steam’s rags regular as the riff
               you still hear, pulled apart
in the bluesman’s hands, hands

old enough to know that night,
               decades back, and the other,
the juke-box repairman

shot dead in the campus riot,
               then slid back together,
that time infallible and perpetual

through the vapor, the smoke.
               Part of you must still be there
in that room, just waiting

for him to catch your eye
               through the brawl, and now
he does, raising his pick hand

into a pistol, and then
               he cocks the thumb
and points it right at you.


The music never stops,
               never really goes away,
but people fall back into themselves

and leave, walking away
               through the fog, toward campus
or the cemetery or sleepier streets.

They’re mostly silhouettes,
               densities in the powdery light.
I’m watching next to Faulkner’s

bronze, on the bench
               that replaced the one he kept
each afternoon, where he marked

the county’s comings and goings,
               but now the Square’s
as much like a Life magazine

as Light in August, and I think
               this is how a town remembers,
when no one’s looking

but the statues, the soldier
               and the writer
who must have seen it coming,

who knew how two people
               can struggle in a body,
a house, a town, and how a place

won’t recognize itself
               until the story’s nearly over.
That night,

before the first gun was pulled,
               before the first window
broke, Meredith

was already there, sleeping
               in a dorm in a vacant part
of campus, the half-exhausted

light barely touching him.
               He slept well, he says.
He didn’t hear a thing.

They are all sleeping now,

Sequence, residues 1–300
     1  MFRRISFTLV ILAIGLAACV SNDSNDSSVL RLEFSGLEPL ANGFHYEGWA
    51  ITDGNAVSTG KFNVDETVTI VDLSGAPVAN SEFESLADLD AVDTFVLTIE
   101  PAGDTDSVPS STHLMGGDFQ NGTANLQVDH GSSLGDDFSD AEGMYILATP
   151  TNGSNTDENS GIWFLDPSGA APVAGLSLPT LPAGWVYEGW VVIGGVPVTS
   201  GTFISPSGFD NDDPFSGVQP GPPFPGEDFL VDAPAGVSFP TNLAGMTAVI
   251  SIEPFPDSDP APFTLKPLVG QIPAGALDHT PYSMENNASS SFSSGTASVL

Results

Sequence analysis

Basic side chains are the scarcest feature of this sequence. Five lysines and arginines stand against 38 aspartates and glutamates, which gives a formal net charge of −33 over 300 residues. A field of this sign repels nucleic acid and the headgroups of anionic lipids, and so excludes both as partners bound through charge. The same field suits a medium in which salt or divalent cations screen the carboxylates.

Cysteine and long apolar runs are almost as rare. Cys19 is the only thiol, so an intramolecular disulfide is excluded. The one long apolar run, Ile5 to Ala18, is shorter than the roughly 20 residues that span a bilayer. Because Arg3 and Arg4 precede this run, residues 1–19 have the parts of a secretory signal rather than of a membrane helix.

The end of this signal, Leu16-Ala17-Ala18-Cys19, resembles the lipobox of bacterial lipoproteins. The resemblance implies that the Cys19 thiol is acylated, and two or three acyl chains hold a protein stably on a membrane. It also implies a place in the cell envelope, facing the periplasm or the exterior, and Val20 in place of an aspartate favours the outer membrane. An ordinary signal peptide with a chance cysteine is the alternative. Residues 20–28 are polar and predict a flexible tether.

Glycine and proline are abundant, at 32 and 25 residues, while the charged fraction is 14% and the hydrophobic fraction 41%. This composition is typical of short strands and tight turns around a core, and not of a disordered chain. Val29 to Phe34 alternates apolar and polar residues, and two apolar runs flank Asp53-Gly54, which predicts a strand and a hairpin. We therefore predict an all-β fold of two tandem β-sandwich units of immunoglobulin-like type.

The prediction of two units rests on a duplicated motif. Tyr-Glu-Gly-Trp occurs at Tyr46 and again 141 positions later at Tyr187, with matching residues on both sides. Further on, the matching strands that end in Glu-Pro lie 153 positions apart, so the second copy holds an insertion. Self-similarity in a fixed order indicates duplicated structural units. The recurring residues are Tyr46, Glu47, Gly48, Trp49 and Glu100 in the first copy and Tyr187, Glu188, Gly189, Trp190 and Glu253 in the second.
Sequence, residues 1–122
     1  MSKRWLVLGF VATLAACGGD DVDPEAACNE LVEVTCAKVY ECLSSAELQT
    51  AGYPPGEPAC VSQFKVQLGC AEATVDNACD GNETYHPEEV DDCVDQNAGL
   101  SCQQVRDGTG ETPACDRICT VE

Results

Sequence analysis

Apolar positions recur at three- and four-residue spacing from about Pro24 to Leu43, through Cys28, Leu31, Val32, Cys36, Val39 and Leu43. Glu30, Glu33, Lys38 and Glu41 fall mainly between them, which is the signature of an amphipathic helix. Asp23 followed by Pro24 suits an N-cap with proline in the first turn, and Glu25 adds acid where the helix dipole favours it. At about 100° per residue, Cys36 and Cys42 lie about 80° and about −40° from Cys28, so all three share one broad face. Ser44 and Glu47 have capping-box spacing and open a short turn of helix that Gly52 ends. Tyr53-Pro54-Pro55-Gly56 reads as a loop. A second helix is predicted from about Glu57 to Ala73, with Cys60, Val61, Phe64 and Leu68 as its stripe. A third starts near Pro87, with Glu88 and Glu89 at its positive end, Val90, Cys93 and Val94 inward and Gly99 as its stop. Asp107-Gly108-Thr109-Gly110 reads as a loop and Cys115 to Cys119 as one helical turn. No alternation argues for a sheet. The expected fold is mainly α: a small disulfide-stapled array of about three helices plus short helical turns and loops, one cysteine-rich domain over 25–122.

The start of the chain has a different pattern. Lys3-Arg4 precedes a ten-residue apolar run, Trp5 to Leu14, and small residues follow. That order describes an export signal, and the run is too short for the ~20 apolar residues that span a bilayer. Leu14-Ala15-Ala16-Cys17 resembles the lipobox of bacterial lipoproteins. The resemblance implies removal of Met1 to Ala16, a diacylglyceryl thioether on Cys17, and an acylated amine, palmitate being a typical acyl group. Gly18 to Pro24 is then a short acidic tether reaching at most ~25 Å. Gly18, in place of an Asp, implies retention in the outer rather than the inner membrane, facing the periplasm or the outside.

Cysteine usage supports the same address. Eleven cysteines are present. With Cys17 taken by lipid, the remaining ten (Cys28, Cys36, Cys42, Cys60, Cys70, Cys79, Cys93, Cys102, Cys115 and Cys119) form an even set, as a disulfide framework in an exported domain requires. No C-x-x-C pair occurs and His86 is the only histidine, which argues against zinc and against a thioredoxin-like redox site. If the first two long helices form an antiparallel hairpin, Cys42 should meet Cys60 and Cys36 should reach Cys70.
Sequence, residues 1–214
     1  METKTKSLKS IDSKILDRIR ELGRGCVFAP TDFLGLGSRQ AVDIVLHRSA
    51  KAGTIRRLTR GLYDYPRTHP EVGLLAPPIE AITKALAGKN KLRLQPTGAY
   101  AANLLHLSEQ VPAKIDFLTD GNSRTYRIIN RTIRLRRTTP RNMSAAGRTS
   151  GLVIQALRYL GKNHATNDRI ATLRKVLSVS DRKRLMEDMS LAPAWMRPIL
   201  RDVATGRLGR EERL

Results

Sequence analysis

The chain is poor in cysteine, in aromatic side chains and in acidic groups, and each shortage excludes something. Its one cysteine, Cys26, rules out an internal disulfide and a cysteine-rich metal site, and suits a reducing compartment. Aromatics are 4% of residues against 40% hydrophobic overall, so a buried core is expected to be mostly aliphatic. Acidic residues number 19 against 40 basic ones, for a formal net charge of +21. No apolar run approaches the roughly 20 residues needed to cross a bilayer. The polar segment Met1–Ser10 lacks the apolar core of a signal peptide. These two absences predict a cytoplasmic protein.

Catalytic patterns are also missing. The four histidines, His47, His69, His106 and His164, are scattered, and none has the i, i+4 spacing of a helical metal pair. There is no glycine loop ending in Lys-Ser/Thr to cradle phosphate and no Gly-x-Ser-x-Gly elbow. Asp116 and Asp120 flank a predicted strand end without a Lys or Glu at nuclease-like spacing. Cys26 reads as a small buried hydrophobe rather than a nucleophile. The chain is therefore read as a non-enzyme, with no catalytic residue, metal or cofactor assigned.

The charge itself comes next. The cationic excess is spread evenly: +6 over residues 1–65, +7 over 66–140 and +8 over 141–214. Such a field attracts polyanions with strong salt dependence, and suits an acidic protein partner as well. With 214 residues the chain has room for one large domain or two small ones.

all of them, in houses
like these, becoming pictures

of themselves, street-light sepia
               and salted pale,
or downhill in St. Peter’s, beneath

their pillars and stones.
               All night, people come
to leave their roses

or pour whiskey into the letters
               of someone else’s name,
leaving that smell in the crape

of the cedar trees. And sometimes
               a mockingbird will wake
from the solid calm and spill

whatever it’s heard, as if
               it gathered what’s mumbled
in dreams and now

it’s giving everything back to the air
               and the streetlamps if it goes on
long enough, and the world starts

moving again, wrens and robins
               and all the rest, the houses
coalescing from the dark.

Each night, we drift,
               we are taken out of ourselves
and we forget, until

something like this
               puts us back in a sentence
or a story of the world,

in a quiet room or a graveyard
               where none of the names
are ours again,

where the light reaches slowly
               out of itself and wakes us,
like a hand on our hands,

remembered warmth
               on our skin.




Jake Adam YorkUntil his untimely death in December 2012, Jake Adam York was an associate professor of English at the University of Colorado-Denver. He published three books of poems while alive–Murder Ballads (Elixir Press, 2005), A Murmuration of Starlings (SIU Press, 2008), and Persons Unknown (SIU Press, 2010)–and Abide posthumously (SIU Press, 2014; winner of the 2015 Colorado Book Award and finalist for 2015 National Book Critics Circle Award).
“Before Knowing Remembers” originally appeared in the journal Third Coast and then Jake’s book Persons Unknown. It is reprinted by permission of SIU Press and with the blessing of Sarah Skeen, Jon Tribble, Nicky Beer, and Brian Barker.
Read poetry by Jake Adam York appearing in Terrain.org, as well as his essay “Recovery: Learning the Music of History.”

Header photo of streetlamps and fog by B-Linda, courtesy Pixabay. Photo of Jake Adam York by Jack Zweck-Bronner.

Terrain.org is the world’s first online journal of place, publishing a rich mix of literature, artwork, case studies, and more since 1997.